Henry J. (Henry Jarvis) Raymond.

Lincoln, his life and times : being the life and public services of Abraham Lincoln, sixteenth President of the United States, together with his state papers, including his speeches, addresses, messages, letters, and proclamations, and the closing scenes connected with his life and death (Volume 2) online

. (page 25 of 41)
Online LibraryHenry J. (Henry Jarvis) RaymondLincoln, his life and times : being the life and public services of Abraham Lincoln, sixteenth President of the United States, together with his state papers, including his speeches, addresses, messages, letters, and proclamations, and the closing scenes connected with his life and death (Volume 2) → online text (page 25 of 41)
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summate by the votes of the States that which Congress so nobly be-
gan yesterday. (Appkuse and cries, "They will do it," &c.) He had
the honor to inform those present that Illinois had already done the
work. Maryland was about half through, but he felt proud that Illi-
nois was a little ahead

He thought this measure was a very fitting if not an indispensable
adjunct to the winding up of the great difficulty. He wished the
reunion of all the States perfected, and so effected as to remove all
causes of disturbance in the future; and, to attain this end, it was
necessary that the original disturbing cause should, if possible, be
rooted out. He thought all would bear him witness that he had never
shrunk from doing all that he could to eradicate slavery, by issuing
an Emancipation Proclamation. But that proclamation falls short of
what the amendment will be when fully consummated. A question
might be raised whether the proclamation was legally valid. It might
be added, that it only aided those who came into our lines, and that
it was inoperative as to those who did not give themselves up; or
that it would have no effect upon the children of the slaves born
hereafter ; in fact, it would be urged that it did not meet the evil. But
this amendment is a king's cure for all evils. It winds the whole
thing up. He would repeat, that it was the fitting if not the indis-
pensable adjunct to the consummation of the great game we are
playing. He could not but congratulate all present — himself, the
country, and the whole world — upon this great moral victory.


In addition to the general satisfaction felt by the whole
country at the passage of this amendment, it carried special
joy to that very large class of people who had feared that
the war might end without securing the abolition of slavery.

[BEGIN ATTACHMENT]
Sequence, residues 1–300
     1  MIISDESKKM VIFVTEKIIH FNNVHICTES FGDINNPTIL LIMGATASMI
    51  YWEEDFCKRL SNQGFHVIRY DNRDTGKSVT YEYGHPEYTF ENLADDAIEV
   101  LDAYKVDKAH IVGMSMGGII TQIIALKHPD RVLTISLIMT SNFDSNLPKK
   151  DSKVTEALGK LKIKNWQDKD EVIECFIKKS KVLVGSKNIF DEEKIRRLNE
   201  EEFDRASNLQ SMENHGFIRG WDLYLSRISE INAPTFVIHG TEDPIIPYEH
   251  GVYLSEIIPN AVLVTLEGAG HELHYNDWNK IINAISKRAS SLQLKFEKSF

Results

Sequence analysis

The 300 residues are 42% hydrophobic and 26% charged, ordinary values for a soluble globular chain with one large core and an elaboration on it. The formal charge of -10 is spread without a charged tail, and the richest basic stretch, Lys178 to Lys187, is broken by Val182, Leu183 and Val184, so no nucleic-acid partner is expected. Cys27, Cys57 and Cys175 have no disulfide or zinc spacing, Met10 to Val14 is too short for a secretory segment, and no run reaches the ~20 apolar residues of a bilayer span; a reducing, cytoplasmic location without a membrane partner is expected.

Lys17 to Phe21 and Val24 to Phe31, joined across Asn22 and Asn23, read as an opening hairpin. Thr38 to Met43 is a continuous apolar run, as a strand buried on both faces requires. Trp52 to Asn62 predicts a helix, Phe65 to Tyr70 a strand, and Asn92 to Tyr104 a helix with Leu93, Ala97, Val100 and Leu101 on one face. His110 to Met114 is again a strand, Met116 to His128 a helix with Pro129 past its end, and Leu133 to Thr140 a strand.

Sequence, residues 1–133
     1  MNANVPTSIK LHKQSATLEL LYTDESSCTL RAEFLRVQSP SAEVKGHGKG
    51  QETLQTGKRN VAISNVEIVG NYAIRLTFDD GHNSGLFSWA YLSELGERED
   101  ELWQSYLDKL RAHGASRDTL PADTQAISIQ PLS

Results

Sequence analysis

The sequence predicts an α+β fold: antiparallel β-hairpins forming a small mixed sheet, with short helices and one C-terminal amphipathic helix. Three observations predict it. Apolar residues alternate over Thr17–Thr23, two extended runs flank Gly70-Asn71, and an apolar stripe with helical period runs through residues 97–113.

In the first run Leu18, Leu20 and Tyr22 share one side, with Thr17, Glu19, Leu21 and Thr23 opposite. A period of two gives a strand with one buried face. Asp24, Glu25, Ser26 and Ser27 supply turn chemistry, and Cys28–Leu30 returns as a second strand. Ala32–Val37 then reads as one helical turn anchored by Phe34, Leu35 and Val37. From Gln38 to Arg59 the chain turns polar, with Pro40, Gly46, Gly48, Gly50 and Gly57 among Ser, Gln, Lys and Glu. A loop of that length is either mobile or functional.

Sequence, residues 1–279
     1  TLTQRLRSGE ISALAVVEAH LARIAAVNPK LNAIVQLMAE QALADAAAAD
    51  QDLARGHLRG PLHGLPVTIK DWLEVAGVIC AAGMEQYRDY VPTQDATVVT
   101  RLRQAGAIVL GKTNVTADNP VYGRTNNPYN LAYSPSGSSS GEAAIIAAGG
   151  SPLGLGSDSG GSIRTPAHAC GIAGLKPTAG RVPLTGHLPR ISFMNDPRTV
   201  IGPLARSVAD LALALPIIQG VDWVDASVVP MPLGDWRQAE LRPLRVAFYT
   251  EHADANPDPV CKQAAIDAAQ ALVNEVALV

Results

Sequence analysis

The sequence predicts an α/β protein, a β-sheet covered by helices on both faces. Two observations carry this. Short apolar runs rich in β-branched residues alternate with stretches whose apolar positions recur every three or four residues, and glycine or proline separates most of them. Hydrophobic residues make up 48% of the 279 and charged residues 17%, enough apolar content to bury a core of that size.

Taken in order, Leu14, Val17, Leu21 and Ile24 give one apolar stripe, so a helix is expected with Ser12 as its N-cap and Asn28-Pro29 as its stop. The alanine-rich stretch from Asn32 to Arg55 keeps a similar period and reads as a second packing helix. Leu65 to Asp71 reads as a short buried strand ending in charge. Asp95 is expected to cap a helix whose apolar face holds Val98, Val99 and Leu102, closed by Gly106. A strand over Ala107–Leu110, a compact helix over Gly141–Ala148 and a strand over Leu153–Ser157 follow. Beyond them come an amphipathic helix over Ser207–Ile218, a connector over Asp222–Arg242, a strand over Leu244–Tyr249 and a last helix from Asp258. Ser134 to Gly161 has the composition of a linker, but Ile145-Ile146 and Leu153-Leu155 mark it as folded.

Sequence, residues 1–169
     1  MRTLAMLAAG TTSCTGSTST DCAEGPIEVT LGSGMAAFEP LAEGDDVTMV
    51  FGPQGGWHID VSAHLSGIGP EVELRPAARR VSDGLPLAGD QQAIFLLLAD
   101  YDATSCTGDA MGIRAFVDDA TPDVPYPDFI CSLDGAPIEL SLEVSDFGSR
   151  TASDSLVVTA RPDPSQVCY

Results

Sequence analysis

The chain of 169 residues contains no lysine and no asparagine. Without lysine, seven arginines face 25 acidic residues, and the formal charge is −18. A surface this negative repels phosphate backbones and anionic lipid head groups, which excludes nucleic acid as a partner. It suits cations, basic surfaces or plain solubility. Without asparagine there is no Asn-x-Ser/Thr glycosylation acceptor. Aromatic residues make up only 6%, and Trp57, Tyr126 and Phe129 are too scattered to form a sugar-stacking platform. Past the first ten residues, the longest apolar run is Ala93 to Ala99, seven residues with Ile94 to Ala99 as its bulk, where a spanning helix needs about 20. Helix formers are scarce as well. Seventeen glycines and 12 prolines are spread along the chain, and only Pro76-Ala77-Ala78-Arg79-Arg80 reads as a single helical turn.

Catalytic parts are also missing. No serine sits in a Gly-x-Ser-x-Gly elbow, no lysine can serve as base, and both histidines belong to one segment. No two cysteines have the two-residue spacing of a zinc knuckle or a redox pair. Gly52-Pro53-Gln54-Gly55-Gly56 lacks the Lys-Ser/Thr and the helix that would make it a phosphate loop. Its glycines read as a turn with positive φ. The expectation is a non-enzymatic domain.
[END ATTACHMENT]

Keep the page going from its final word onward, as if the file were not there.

From the very beginning there had been a powerful pres-
sure in favor of an adjustment with the dicontented and
rebellious South, and this had led, as we have already seen,
to repeated attempts at negotiation on behalf of the con-
tending forces. The organized authorities on either side
maintained their attitude of mutual defiance ; but individuals
on both sides kept up a steady and confident attempt, by
personal effort, to bring the parties into such a position that
they could not avoid negotiations for peace, without sub-
jecting themselves to the injurious imputation of preferring
war. It was remembered that during our war with Mexico,
while neither party sued for peace, and while both Govern-
ments repudiated all thought of desiring it, peace was forced
upon them by the unauthorized and irresponsible negotia-
tions of a private citizen,* who secured from the Mexican
Government terms which the American authorities, out of
deference to the sentiments of their own people, did not dare
refuse. The incident was a perpetual stimulant to personal
ambition, and the country was scarcely ever free, for a month
at a time, from rumors of pending negotiations for a speedy
peace. During the months of December and January these
rumors had been especially rife, and had created a good deal
of public anxiety.

The whole country had come to regard the strength of the
rebellion as substantially broken. In men, in resources of
every kind, in modes of communication, and in the spirit
with which the contest was carried on, the rebels were
known to be rapidly and fatally failing; and it was almost
universally believed that a vigorous and steady prosecution
of the war would speedily destroy the rebel organization,
capture its capital, disperse its armies, and compel an abso-
lute and unconditional submission to the national authority.
It was not, therefore, without a good deal of solicitude that
the public learned that Mr. Francis P. Blair, an able, resolute,
and experienced politician, had left Washington for Rich-

*Nicholas P. Trist.


mond, armed with a pass from President Lincoln, and that
the real object of. his visit was to prevail upon Jefferson
Davis to send, or receive, commissioners to treat of peace
between the contending parties. The rumor proved to be
substantially true. The President had given Mr. Blair a
pass through our lines and back. He had gone to Richmond,
and had held free conferences with Mr. Davis and other
members of the Rebel Government. He returned to Wash-
ington on the 16th of January, bringing with him a written
assurance, addressed to himself, from Jefferson Davis, of
his willingness to enter into negotiations for peace, to re-
ceive a commissioner whenever one should be sent, and of
his readiness, whenever Mr. Blair could promise that he
would be received, to appoint such a commissioner, minister,
or other agent, and thus "renew the effort to enter into a
conference with a view to secure peace between the two
countries." Mr. Blair presented this letter to President
Lincoln, who at once authorized him to return to Richmond,
carrying with him his written assurance that he had con-
stantly been, was then, and should continue to be, "ready to
receive any agent whom Mr. Davis, or any other influential
person now resisting the national authority, may informally
send me, with a view of securing peace to the people of our
common country." Mr. Blair left Washington on the 20th
of January for Richmond, and on the next day placed in the
hands of Mr. Davis this response of President Lincoln to
his previous assurance; and Mr. Davis then learned that
commissioners from him could be received to treat of peace,
only on the assumption that the people of the United States